Next Article in Journal
The Effects of Climate Change on the Development of Tree Plantations for Biodiesel Production in China
Next Article in Special Issue
Dispersal and Propagule Pressure of Botryosphaeriaceae Species in a Declining Oak Stand is Affected by Insect Vectors
Previous Article in Journal
Insights on Forest Structure and Composition from Long-Term Research in the Luquillo Mountains
Previous Article in Special Issue
Tree Diseases as a Cause and Consequence of Interacting Forest Disturbances
Open AccessArticle

Short Rotations in Forest Plantations Accelerate Virulence Evolution in Root-Rot Pathogenic Fungi

BIOGECO, INRA, Univ. Bordeaux, 33610 Cestas, France
*
Author to whom correspondence should be addressed.
Academic Editors: Matteo Garbelotto, Paolo Gonthier and Timothy A. Martin
Forests 2017, 8(6), 205; https://doi.org/10.3390/f8060205
Received: 7 April 2017 / Revised: 6 June 2017 / Accepted: 6 June 2017 / Published: 10 June 2017
(This article belongs to the Special Issue Forest Pathology and Plant Health)
As disease outbreaks in forest plantations are causing concern worldwide, a clear understanding of the influence of silvicultural practices on the development of epidemics is still lacking. Importantly, silvicultural practices are likely to simultaneously affect epidemiological and evolutionary dynamics of pathogen populations. We propose a genetically explicit and individual-based model of virulence evolution in a root-rot pathogenic fungus spreading across forest landscapes, taking the Armillaria ostoyae–Pinus pinaster pathosystem as reference. We used the model to study the effects of rotation length on the evolution of virulence and the propagation of the fungus within a forest landscape composed of even-aged stands regularly altered by clear-cutting and thinning operations. The life cycle of the fungus modeled combines asexual and sexual reproduction modes, and also includes parasitic and saprotrophic phases. Moreover, the tree susceptibility to the pathogen is primarily determined by the age of the stand. Our simulations indicated that the shortest rotation length accelerated both the evolution of virulence and the development of the epidemics, whatever the genetic variability in the initial fungal population and the asexuality rate of the fungal species View Full-Text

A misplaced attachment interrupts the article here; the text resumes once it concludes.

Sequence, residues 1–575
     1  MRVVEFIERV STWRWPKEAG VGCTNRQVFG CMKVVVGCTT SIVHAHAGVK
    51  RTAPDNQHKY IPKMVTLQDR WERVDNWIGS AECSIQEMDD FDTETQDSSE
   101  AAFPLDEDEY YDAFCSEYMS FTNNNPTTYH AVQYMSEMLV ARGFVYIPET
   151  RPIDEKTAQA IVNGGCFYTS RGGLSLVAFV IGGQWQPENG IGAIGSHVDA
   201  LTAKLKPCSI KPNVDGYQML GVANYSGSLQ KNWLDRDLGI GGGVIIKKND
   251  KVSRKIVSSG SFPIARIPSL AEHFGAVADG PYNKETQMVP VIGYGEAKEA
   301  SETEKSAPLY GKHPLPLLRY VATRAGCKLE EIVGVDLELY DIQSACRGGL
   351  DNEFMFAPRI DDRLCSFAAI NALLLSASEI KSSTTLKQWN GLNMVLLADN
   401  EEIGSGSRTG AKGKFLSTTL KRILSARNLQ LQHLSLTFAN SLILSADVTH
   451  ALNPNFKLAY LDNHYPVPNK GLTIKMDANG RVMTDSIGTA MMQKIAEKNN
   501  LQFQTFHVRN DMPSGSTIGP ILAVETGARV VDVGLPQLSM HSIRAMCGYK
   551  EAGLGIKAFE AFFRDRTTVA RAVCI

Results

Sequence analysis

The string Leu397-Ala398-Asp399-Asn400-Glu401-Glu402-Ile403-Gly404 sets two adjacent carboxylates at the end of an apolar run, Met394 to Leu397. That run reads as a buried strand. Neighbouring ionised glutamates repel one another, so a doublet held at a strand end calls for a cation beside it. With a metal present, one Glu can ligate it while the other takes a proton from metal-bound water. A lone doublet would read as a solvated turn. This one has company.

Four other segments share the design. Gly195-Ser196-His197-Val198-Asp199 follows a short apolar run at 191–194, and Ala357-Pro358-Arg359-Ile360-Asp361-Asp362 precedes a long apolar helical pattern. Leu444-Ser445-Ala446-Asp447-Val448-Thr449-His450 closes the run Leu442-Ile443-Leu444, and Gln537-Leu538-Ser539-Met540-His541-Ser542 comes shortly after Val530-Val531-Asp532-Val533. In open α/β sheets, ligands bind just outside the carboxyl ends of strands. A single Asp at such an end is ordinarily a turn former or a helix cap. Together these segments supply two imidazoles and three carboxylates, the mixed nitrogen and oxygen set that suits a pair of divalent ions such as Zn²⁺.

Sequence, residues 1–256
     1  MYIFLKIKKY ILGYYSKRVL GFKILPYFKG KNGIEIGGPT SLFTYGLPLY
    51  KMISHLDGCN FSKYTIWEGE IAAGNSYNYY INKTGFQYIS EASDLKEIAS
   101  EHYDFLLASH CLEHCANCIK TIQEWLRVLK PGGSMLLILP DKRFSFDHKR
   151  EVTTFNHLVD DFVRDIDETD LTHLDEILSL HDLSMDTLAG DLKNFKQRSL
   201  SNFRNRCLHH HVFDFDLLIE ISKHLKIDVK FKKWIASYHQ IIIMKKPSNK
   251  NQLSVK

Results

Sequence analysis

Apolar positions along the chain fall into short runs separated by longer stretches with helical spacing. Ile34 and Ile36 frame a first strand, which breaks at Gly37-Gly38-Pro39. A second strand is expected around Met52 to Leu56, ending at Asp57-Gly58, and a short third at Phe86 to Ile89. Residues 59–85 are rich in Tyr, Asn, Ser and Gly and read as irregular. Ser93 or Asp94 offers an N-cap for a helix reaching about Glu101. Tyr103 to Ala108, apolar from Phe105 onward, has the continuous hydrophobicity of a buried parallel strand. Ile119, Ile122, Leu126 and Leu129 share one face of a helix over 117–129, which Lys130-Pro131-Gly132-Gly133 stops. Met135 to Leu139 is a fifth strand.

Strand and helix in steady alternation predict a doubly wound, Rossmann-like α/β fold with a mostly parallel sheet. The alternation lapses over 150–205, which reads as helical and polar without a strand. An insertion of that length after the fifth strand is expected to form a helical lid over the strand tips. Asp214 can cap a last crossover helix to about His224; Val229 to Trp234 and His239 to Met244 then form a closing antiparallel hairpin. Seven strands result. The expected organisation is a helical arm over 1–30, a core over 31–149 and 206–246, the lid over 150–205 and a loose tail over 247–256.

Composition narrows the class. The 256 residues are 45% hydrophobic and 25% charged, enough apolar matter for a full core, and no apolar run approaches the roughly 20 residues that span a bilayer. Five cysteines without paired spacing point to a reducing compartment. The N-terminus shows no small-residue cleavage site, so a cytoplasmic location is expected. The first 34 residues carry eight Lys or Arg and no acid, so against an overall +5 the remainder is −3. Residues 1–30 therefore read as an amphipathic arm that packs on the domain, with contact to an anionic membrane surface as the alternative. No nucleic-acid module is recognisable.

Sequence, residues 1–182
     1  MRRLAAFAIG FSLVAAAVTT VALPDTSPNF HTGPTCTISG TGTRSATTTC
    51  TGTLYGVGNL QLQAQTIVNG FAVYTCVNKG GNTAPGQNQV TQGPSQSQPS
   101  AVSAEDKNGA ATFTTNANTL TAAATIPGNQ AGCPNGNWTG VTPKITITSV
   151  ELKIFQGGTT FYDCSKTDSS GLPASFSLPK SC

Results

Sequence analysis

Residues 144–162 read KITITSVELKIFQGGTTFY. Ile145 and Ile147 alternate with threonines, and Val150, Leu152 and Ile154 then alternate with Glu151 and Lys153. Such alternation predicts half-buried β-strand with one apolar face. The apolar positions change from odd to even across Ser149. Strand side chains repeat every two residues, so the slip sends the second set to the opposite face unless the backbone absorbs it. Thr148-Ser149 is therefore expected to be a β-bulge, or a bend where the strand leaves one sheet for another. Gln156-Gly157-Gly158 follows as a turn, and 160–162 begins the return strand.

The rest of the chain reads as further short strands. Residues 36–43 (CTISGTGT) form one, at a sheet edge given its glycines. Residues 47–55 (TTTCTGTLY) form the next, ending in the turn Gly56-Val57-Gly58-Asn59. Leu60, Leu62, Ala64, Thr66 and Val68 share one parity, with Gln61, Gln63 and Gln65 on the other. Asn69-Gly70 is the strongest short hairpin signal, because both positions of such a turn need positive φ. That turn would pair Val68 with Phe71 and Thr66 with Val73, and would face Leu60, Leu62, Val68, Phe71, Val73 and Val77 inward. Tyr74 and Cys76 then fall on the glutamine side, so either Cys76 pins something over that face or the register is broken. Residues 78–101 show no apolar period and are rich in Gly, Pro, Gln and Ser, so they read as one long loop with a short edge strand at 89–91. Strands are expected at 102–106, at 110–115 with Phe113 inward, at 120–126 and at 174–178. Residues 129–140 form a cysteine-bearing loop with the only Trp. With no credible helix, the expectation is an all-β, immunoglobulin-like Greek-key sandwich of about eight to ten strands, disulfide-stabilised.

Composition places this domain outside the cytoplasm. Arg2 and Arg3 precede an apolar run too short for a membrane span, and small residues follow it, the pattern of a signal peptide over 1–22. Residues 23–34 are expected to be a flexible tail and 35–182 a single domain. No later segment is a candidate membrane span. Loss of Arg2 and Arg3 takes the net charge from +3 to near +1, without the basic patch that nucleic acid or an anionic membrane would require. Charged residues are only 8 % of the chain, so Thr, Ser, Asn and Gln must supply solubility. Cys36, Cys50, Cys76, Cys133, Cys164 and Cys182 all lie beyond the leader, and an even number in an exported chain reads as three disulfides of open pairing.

Keywords: forestry; tree fungal pathogen; root-rot disease; Heterobasidion annosum; Ganoderma boninense; evolutionary epidemiology; quantitative host–pathogen interaction; asexuality; clonality; saprotrophism forestry; tree fungal pathogen; root-rot disease; Heterobasidion annosum; Ganoderma boninense; evolutionary epidemiology; quantitative host–pathogen interaction; asexuality; clonality; saprotrophism
Show Figures

Figure 1

MDPI and ACS Style

Soularue, J.-P.; Robin, C.; Desprez-Loustau, M.-L.; Dutech, C. Short Rotations in Forest Plantations Accelerate Virulence Evolution in Root-Rot Pathogenic Fungi. Forests 2017, 8, 205.

Show more citation formats Show less citations formats
Note that from the first issue of 2016, MDPI journals use article numbers instead of page numbers. See further details here.

Article Access Map by Country/Region

1
Back to TopTop